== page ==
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Hi Greg,

(not necessarily for publication - I'm on annual leave & wanted to respond).

I was one of the lucky staff to see the film, and was deeply affected. A friend asked me about the film on the way home & while our kids were present; One 16-year-old informed me that "the Greenhouse Effect is a load of nonsense". I gave her auntie $20 and the address of the movie theatre, in the hope that she will take her there and enlighten her.

My son was very upset over the issues we had discussed and asked me to "talk to the government about Kyoto", so I emailed both local & federal government as requested.

I discovered through the above movie link that there is a PDF list of '10 things you can do to help', and we were pleased to see that we do most of those things already. My son & I, and some colleagues from the branch helped plant S&L's 2000 trees earlier this year, with the S&L Green Team and CVA.

I'm glad to hear about yout new Smartcar, I've been investigating petrol-electric hybrids myself at the moment, and the Government green car guide link through our website has proven invaluable.

Anyway, I just wanted to say thanks for the movie. I noticed through the link that the DVD of the film is already available, so I've bought it, so that the rest of our family & friends can see it, too.


Kind regards,

Joanne Carroll
MSC Elizabeth

It seems to me that there is quite a tide turning for the greenhouse issue these days (media monitors had it as the hottest topic in the press and electronic media for weeks running) but I hope the debate doesnt get hijacked by the big push by industry to go nuclear. There is a lot of misinformation floating around about (by) the nuclear industry- how much of an impact it will make on global Co2 emissions (doubling capacity will merely offset less than 5% of Co2), costs (there isnt a single nuclear power plant in the western hempisphere that can compete in energy markets without massive gov. subsidies - the US alone subsidises over US$100 billion), and the inadequacy of renewables to provide baseload power (incorrect - its a matter of planning and the existing technology is more than able to manage grid supply)... And lets not forget the 10-20 years required to get a power station up and running - we dont have that much time to wait for such a small impact!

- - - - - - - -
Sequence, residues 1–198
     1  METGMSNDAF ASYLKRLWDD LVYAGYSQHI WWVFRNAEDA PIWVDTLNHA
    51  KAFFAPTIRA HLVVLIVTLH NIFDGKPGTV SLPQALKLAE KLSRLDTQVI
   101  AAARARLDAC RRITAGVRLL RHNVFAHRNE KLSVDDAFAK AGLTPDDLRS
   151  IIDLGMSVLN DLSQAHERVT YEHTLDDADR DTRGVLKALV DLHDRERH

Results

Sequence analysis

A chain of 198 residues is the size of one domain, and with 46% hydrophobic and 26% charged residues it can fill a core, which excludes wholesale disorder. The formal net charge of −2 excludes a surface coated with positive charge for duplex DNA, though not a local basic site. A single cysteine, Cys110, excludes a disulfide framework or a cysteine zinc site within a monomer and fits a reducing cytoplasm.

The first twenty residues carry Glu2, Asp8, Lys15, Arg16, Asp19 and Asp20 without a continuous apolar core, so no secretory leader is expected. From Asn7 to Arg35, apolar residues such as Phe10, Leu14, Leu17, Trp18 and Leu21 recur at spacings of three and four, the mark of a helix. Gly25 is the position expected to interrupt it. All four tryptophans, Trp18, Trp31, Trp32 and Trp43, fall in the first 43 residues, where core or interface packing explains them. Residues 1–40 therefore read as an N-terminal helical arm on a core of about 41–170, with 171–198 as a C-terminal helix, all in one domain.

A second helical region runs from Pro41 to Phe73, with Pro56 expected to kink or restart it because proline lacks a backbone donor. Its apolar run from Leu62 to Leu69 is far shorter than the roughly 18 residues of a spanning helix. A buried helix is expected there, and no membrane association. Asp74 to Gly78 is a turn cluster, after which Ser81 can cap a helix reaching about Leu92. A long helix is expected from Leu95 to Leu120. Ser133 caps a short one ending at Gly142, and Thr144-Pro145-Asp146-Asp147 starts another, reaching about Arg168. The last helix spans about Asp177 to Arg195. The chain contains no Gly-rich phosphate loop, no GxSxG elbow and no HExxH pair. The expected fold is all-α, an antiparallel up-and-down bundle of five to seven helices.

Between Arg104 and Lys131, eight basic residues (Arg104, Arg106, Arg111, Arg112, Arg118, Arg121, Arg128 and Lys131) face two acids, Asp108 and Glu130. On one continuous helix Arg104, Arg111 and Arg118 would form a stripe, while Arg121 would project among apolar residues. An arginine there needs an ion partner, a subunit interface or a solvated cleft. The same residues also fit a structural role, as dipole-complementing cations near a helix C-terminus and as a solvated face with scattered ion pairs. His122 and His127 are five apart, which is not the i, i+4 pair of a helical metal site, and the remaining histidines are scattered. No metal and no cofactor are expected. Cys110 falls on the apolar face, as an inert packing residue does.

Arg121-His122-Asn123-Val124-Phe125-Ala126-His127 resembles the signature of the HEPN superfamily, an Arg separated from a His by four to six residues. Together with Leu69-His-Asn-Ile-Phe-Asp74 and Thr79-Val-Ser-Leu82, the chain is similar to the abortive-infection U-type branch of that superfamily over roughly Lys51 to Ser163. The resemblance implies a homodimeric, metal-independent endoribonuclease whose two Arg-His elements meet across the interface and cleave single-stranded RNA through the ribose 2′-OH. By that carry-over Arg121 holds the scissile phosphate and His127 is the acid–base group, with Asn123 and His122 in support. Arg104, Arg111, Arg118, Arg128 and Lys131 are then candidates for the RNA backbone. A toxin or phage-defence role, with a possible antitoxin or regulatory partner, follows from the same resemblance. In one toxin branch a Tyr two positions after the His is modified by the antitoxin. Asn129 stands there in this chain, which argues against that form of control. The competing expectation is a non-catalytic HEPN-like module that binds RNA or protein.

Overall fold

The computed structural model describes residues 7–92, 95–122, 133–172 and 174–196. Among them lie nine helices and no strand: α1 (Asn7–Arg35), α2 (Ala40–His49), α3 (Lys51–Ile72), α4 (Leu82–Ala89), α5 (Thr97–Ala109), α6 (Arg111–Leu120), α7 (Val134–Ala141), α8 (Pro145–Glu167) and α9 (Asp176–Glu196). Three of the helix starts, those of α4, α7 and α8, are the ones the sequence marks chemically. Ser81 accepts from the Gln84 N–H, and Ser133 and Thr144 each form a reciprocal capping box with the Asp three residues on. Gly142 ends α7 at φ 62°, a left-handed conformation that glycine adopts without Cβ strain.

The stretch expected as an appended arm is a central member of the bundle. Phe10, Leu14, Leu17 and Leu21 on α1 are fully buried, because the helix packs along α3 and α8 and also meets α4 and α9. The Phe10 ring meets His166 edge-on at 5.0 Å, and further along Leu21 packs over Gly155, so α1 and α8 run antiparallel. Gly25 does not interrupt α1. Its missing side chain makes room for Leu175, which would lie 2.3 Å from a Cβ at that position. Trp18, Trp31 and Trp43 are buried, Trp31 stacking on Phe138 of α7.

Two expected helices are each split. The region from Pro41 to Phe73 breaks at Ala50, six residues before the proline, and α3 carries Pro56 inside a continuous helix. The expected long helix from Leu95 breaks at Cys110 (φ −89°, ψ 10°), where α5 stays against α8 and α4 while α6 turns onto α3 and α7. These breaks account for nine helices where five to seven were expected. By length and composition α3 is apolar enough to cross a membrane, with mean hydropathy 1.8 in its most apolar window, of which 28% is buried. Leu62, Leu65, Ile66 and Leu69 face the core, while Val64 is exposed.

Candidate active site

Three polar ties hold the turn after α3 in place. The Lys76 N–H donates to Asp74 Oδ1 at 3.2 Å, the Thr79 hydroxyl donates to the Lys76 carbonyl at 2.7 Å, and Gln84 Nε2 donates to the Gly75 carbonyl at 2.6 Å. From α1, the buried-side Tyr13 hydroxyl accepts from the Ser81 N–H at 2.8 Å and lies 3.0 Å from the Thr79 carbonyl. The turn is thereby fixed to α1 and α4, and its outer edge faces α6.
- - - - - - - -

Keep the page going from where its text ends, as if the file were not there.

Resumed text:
Clean coal (geo-sequestration) also hasnt been tested yet, is more expensive than most renewables and by a coal lobby's own admission is likely to affect only around 10 power stations in the next 20 years.

The Eco-foootprint test is a great way to see exactly where your own personal impacts are strongest and the best ways to make the biggest difference - sometimes quite surprising! Ive managed to get my footprint down to the equivalent of just over 2 earths - much better than the australian average of 4, but still a way off getting it down to '1'!

For those who enjoyed 'An Inconvenient Truth' you might want to grab a copy of Ronald Wright's "A Short History of Progress.' for your holiday reading.

The blurb states, "(Wright) brilliantly argues that only by understanding the patterns of progress and folly that humanity has repeated everywhere from Ancient Rome to Easter Island can we learn to change our ways and, with luck and wisdom, avoid a disastrous outcome."

This book was a bestseller in Canada and is based on the Massey Lecture series. Enjoy!

Hi Greg,

It's most refreshing to see financial institutions such as yours take a genuine interest in climate change. And fabulous to see another CEO blogging what's on his mind.

I agree it is disheartening to see our emissions continue to rise, but to counter that, what is heartening is that people are actually starting to put their money where their mouth is and are taking positive action to address climate issues. My company, Carbon Planet (http://www.carbonplanet.com), also based in Adelaide, exists to help people and businesses take up the fight against global warming. We don't plant trees per sé but we work with groups like LandCare and Forests NSW who are skilled at revegetation and forestry management and who generate properly certified carbon credits off their various projects. We buy those carbon credits in bulk and retail them to individuals. We also conduct comprehensive carbon emissions audits for firms wishing to really understand their emissions' sources and levels.